Down Payment Tips
Many people dream of owning a home but don't think it's possible because they lack the resources for a down payment and closing costs. Here are tips for securing that down payment.
1) Borrow from your retirement account: Many people have been investing in a 401(k) plan or traditional IRA for years and first-time homebuyers may borrow up to $10,000 for their down payment without incurring a penalty. For those self-employed or if your employer allows it, you also can borrow up to $50,000 from your current 401(k) and pay yourself back over five years at a low interest rate.
2) Ask family: Sure, you may be too proud to ask for money, but if relatives can help you and your family move into that dream home, isn’t it worth it? If you do get help from a family member, the lender will ask you to sign a gift-letter form, attesting to the relationship. The lender may also require your relatives to explain where they got the money and prove that they are financially able to make such a gift.
3) Look for down payment assistance grants: Down payment assistance and community redevelopment programs offer affordable housing opportunities to first-time homebuyers, low-income and moderate-income individuals and families who wish to own a home.
4) Come to a lease/purchase agreement: Homeowners who can’t sell their homes in this market may consider a lease/purchase agreement, where you rent the home you want to buy and a percentage of your rent is applied toward the down payment. If you go this route, make sure you get a contract outlining all the details so both parties are protected.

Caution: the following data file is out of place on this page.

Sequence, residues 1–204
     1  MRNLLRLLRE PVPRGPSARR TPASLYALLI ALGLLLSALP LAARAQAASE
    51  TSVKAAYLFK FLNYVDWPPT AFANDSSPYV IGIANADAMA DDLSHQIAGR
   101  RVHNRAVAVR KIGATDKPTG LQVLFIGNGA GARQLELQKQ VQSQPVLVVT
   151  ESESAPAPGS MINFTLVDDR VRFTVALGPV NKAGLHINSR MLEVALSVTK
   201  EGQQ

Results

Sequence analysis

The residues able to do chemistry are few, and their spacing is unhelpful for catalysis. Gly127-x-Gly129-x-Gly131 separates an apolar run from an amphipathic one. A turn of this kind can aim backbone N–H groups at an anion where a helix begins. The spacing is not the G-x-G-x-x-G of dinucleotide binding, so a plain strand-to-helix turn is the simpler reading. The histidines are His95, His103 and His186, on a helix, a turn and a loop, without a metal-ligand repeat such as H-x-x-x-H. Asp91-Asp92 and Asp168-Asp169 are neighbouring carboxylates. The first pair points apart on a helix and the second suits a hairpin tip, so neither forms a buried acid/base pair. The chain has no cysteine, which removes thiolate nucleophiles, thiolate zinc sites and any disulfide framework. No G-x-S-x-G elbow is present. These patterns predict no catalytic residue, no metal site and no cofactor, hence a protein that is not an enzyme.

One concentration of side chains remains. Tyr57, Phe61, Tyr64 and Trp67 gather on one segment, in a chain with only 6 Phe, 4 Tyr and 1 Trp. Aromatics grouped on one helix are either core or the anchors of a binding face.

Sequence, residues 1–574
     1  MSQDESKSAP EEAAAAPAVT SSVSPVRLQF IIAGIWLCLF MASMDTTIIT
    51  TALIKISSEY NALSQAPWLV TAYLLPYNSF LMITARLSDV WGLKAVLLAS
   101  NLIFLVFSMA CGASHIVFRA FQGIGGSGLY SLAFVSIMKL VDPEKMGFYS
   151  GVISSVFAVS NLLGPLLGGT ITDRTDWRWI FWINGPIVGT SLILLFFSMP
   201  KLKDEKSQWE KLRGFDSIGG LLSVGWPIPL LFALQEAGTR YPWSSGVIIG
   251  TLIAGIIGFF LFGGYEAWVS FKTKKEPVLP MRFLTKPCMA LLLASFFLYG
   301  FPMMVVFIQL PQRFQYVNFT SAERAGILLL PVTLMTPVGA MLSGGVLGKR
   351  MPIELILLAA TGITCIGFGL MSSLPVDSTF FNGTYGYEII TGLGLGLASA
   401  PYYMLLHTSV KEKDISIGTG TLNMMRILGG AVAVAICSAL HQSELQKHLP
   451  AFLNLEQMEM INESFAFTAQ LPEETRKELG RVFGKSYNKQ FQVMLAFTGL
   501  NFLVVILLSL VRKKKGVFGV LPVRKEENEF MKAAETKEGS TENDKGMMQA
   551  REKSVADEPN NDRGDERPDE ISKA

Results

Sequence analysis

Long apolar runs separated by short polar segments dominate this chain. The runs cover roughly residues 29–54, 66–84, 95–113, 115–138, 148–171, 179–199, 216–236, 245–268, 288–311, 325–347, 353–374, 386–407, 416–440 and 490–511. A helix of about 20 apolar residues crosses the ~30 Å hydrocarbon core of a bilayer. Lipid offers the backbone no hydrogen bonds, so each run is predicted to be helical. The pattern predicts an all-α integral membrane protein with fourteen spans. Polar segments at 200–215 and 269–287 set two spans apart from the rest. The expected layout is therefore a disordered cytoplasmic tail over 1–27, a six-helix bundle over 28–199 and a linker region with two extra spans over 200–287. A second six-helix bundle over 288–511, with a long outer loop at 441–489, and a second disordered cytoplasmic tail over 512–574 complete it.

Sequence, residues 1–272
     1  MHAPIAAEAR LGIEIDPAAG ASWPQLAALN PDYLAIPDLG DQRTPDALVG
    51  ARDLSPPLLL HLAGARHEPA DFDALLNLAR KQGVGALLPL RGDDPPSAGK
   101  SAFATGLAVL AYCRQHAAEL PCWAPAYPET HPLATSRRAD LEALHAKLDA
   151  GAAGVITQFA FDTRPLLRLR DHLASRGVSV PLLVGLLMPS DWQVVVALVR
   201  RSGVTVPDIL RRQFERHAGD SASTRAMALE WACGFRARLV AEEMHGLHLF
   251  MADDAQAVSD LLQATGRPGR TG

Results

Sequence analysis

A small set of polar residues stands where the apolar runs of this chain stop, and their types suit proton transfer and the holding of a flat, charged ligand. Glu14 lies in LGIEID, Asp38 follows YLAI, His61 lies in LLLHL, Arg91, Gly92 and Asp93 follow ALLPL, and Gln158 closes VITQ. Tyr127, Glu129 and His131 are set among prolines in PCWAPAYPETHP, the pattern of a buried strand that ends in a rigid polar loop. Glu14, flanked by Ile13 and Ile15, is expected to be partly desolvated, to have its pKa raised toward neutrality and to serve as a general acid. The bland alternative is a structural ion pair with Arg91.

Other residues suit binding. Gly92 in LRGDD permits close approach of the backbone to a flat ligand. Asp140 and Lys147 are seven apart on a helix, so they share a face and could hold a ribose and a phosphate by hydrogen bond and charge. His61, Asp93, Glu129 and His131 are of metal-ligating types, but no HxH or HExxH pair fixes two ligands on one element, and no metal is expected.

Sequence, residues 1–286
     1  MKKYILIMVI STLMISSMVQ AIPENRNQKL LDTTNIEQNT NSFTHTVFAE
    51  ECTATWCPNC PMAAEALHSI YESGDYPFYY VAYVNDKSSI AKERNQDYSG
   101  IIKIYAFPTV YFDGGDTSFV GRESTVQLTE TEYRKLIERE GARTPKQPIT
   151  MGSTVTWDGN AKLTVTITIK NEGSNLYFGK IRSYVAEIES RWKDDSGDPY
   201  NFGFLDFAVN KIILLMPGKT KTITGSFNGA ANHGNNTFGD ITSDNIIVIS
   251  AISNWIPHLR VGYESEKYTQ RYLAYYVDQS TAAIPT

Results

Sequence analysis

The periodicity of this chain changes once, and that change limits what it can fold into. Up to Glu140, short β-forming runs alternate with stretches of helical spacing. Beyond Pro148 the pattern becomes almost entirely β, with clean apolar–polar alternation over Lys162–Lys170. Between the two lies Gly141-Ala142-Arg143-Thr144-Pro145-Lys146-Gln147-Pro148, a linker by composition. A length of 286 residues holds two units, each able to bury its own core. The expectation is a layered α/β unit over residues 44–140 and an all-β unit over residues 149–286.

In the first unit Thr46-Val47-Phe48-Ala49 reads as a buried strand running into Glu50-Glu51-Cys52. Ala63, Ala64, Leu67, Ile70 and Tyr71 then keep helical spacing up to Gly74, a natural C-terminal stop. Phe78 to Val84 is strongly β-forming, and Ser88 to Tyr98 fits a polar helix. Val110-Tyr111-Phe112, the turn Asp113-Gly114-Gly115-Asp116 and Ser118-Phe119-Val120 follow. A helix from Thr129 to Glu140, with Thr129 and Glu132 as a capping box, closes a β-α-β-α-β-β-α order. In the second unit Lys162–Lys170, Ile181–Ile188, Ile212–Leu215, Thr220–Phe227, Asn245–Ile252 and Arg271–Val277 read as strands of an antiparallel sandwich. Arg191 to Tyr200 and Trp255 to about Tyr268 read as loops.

5) Add it to the wedding registry: Several mortgage companies allow those getting married to set up a down payment registry. This is a great way to celebrate the joining of two people in matrimony.
6) Cut back and save: If none of the other ways will work for you, there’s always the old fashioned “saving for a rainy day.” Try putting aside 10% of each paycheck and make your meals instead of going out for them. If you’re married, save the money you would spend on birthday, anniversary and Christmas presents and put it toward your house. You also may need to forget that vacation this year.
These sacrifices may seem significant but they will be worth it once you’re inside your own home.